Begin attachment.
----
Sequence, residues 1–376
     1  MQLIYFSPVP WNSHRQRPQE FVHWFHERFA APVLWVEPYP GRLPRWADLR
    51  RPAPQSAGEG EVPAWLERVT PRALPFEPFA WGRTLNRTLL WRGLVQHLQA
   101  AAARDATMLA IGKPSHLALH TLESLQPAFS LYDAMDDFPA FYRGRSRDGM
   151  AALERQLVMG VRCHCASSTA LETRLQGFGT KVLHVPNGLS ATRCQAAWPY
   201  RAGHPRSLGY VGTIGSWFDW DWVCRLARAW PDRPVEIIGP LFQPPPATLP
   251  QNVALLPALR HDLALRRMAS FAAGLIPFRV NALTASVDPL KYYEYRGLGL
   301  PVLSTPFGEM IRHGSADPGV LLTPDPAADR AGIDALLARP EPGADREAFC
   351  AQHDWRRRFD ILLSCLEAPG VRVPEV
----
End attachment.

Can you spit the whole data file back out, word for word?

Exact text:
Sequence, residues 1–376
     1  MQLIYFSPVP WNSHRQRPQE FVHWFHERFA APVLWVEPYP GRLPRWADLR
    51  RPAPQSAGEG EVPAWLERVT PRALPFEPFA WGRTLNRTLL WRGLVQHLQA
   101  AAARDATMLA IGKPSHLALH TLESLQPAFS LYDAMDDFPA FYRGRSRDGM
   151  AALERQLVMG VRCHCASSTA LETRLQGFGT KVLHVPNGLS ATRCQAAWPY
   201  RAGHPRSLGY VGTIGSWFDW DWVCRLARAW PDRPVEIIGP LFQPPPATLP
   251  QNVALLPALR HDLALRRMAS FAAGLIPFRV NALTASVDPL KYYEYRGLGL
   301  PVLSTPFGEM IRHGSADPGV LLTPDPAADR AGIDALLARP EPGADREAFC
   351  AQHDWRRRFD ILLSCLEAPG VRVPEV